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As the next generation of robots arrives in the workplace, will they enable workers or replace them? According to MIT’s Daron Acemoglu, one of the most frequently cited economists in the world, this distinction is the difference between technology that raises workers’ wages versus tech that reduces overall employment and stifles wage growth.
Daron Acemoglu is a professor of economics at MIT, a frequent contributor to Foreign Policy Magazine, and co-author of the book Why Nations Fail: The Origins of Power, Prosperity, and Poverty. He joined me to discuss his recent research and what technological innovation means for the future of work. What follows is an abbreviated version of our conversation.
The standard Econ 101 view of technology is that automation will eventually lead to higher average real incomes across the country, with similar overall rates of employment. To what extent do you agree with this scenario?
I think there is a lot of comfort in thinking there is an inexorable link between productivity, wages, and employment, and everything is going to be fine; but, there are so many unknowns. I would interpret my research here, and it really goes perhaps even against my own priors, as concerning but not alarmist.
Alarmism would be: We’re losing jobs so quickly that within the next generation’s lifetime, we have some major problems if we don’t do something about it. That’s not the case. The rate of job loss from automation is relatively small over the last 20 years or so, perhaps less than half a percentage point of the working age population. So, we’re not talking about huge numbers.
I think what the result signifies is important to put in a broader context. The way that Econ 101 thinks about productivity, employment, and wages, is that whatever increases the productivity is going to translate into wages relatively quickly. We used to chastise Keynes for predicting in 1929 before the Great Depression that rapid technological changes would reduce demand for labor and lead to technological unemployment, or much shorter working days or working weeks for people. And that hasn’t come true obviously in the intervening 90 years. But, the conceptual point that new technologies could reduce the demand for labor, rather than increase the demand for labor, is a possibility and it’s not a crazy idea.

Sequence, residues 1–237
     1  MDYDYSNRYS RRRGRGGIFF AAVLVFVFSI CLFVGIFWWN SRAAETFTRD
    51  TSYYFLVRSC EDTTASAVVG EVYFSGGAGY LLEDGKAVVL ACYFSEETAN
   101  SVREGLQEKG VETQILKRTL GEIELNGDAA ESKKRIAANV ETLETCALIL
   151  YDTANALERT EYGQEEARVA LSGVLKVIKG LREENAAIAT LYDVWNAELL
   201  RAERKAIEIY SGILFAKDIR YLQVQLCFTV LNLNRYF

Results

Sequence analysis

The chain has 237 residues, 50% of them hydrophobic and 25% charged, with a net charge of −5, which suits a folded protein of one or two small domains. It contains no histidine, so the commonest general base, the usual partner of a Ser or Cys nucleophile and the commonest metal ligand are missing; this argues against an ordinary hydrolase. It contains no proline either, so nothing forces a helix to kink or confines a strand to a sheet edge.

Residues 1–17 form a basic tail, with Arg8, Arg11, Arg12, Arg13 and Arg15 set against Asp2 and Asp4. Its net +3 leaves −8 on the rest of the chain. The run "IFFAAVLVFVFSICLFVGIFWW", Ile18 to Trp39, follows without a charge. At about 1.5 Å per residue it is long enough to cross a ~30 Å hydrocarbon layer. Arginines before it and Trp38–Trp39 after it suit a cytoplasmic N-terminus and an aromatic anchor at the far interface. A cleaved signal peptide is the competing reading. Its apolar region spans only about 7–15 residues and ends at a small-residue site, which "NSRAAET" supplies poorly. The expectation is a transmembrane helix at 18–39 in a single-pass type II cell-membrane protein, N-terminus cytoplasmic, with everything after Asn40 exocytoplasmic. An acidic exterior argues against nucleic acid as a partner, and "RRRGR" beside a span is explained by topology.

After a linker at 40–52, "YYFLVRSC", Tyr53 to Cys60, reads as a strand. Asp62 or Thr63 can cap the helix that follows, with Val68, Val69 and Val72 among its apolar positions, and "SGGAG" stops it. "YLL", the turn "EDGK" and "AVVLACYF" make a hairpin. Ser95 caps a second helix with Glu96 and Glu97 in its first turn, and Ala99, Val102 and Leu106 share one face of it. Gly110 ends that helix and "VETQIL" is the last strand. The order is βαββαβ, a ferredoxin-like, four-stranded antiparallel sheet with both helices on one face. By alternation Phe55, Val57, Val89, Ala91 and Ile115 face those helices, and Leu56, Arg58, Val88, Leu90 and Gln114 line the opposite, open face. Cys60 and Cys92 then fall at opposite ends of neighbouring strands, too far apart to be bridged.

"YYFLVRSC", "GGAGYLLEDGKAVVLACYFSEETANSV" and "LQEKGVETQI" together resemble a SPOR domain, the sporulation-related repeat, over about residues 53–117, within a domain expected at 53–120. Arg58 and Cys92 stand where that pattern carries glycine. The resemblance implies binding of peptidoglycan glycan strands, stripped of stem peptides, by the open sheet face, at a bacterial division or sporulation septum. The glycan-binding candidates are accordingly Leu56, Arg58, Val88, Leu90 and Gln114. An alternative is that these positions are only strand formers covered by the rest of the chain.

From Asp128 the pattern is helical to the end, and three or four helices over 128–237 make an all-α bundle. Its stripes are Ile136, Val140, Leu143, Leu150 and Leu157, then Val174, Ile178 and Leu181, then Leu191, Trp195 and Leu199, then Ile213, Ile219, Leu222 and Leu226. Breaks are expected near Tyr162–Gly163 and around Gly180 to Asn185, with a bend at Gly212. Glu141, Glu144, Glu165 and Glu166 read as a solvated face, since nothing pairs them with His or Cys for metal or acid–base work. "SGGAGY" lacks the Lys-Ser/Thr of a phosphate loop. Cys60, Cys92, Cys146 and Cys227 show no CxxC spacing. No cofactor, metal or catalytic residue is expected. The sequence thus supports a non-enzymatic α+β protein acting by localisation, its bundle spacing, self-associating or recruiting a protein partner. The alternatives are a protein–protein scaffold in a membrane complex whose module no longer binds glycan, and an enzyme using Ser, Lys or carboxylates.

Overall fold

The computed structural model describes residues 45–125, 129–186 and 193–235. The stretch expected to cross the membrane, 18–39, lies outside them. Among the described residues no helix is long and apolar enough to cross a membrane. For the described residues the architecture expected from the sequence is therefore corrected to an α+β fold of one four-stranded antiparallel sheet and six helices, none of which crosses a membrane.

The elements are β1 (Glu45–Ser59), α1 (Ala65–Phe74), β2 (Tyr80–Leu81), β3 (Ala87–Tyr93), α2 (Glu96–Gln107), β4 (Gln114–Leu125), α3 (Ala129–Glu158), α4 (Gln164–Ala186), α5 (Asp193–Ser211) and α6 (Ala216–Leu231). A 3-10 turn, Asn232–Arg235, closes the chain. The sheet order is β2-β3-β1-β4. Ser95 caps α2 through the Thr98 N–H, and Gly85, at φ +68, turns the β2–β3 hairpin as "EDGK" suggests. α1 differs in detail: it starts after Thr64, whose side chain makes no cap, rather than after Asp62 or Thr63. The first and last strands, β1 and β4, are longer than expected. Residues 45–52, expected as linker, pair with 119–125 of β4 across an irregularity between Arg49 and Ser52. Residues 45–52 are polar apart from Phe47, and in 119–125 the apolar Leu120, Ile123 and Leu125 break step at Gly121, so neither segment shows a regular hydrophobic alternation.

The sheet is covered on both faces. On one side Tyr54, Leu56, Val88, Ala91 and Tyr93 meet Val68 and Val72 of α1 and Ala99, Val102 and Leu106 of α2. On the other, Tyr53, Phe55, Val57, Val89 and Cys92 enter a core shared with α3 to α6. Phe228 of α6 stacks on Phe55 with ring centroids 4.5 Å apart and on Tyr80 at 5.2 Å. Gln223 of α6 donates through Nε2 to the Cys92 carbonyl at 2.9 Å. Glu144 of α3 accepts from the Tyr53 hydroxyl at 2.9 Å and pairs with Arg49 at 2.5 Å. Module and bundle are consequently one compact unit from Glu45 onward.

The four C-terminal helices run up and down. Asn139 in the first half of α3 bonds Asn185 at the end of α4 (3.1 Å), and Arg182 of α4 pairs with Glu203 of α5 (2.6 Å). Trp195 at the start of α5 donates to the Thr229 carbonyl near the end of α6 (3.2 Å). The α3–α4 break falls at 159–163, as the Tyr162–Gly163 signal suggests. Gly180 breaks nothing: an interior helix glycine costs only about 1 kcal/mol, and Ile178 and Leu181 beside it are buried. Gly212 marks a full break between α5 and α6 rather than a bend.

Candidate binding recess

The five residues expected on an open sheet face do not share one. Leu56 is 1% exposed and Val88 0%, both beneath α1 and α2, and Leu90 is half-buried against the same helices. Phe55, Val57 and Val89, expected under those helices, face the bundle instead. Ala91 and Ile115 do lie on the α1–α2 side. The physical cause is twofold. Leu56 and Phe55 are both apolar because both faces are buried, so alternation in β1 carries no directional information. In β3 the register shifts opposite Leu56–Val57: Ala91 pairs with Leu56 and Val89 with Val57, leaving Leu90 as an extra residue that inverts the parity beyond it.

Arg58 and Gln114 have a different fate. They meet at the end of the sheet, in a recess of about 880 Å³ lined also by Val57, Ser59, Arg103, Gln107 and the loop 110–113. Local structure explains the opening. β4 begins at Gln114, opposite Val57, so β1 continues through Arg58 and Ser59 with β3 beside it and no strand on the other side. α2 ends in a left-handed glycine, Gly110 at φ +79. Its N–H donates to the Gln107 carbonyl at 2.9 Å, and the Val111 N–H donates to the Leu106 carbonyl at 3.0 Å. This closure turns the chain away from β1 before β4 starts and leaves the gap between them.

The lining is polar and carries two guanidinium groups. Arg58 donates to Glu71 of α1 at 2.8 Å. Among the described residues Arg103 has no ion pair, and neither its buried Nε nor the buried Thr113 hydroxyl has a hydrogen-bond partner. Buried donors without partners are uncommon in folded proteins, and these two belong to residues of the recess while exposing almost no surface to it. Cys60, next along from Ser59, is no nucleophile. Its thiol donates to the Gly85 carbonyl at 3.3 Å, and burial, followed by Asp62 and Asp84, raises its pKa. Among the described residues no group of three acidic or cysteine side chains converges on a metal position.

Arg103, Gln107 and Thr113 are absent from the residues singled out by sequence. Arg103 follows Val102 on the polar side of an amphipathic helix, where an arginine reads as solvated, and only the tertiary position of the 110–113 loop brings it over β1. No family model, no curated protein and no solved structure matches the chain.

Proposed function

Your research makes a difference between “enabling” and “replacing” technology.
The conceptual point that new technologies could reduce the demand for labor, rather than increase the demand for labor, is a possibility and it’s not a crazy idea.
That is exactly the crux of the matter. Enabling technologies are essentially what we focus on in the basic economic analysis. Those are the things that make the workers more productive in tasks and functions they are already performing, and perhaps even also expand those tasks. They tend to increase wages and labor demand because they are making workers more productive.
When you look at the details, it’s more complex because when you make workers more productive, sometimes you need fewer of them in some activities, and they can get reallocated to other activities. But at its root, this type of technology is directly making workers more productive; but this is very different from replacing technologies, which directly displace workers from the tasks they were previously performing.
Can public policy ensure we get more enabling rather than replacing technology?
Policy can play a role, but not an obvious one. Because I think there’s a lot of evidence that shows the exact composition of innovation and therefore the exact types of technologies that firms develop are responsive to policies and to financial profit incentives. The problem is, it is difficult for us to describe or recognize exactly enabling technologies when they are in the incubation period; so you cannot say we’re going to subsidize the enabling technologies. It was much easier for us to recognize green technologies, but even there, our track record of giving subsidies to green technologies is a mixed one. These sorts of fine incentives are very easy to game.
But I think there are other problems in the labor market and the innovation market that we can start thinking about. We implicitly subsidize production with machines relative to production with labor. If you buy a machine, you don’t have to pay payroll taxes, you can debt finance it, and that’s going to get a subsidy from the government. And the capital income that is generated is going to be taxed at a lower rate. If you hire a worker, you have to pay payroll taxes, they are going to be taxed at a much higher rate, you have to put up with lots of other costs coming from regulations, and other things you have to do when you’re employing workers. So that creates a very non-level playing field, so we’re essentially subsidizing firms implicitly for using machines rather than labor. So I think it’s probably a good idea to start thinking about how we can even that playing field a little bit.